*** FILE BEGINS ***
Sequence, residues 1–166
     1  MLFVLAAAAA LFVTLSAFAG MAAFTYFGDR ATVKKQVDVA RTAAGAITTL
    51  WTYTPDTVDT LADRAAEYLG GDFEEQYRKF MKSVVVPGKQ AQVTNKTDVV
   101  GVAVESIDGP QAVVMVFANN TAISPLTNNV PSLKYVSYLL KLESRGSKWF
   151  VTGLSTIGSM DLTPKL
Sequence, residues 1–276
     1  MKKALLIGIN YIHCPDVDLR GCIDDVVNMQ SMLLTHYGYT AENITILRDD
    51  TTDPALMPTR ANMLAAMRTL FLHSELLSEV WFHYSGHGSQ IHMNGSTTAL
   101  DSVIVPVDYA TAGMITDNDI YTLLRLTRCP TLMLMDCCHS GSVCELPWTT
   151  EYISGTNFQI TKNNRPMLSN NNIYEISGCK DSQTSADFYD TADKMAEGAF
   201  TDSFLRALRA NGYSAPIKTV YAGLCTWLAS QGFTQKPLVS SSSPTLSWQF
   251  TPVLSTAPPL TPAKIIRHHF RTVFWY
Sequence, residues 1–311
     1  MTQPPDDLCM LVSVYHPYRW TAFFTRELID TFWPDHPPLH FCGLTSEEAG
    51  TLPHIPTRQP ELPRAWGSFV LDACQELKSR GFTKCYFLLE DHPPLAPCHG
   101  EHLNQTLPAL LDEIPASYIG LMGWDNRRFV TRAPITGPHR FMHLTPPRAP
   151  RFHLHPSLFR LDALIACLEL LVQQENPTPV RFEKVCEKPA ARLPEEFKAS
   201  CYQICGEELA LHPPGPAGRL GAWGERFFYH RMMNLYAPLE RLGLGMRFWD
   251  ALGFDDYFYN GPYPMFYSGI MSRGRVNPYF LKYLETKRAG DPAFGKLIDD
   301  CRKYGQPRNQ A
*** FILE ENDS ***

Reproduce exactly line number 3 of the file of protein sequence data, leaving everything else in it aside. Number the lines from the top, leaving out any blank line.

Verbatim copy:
    51  WTYTPDTVDT LADRAAEYLG GDFEEQYRKF MKSVVVPGKQ AQVTNKTDVV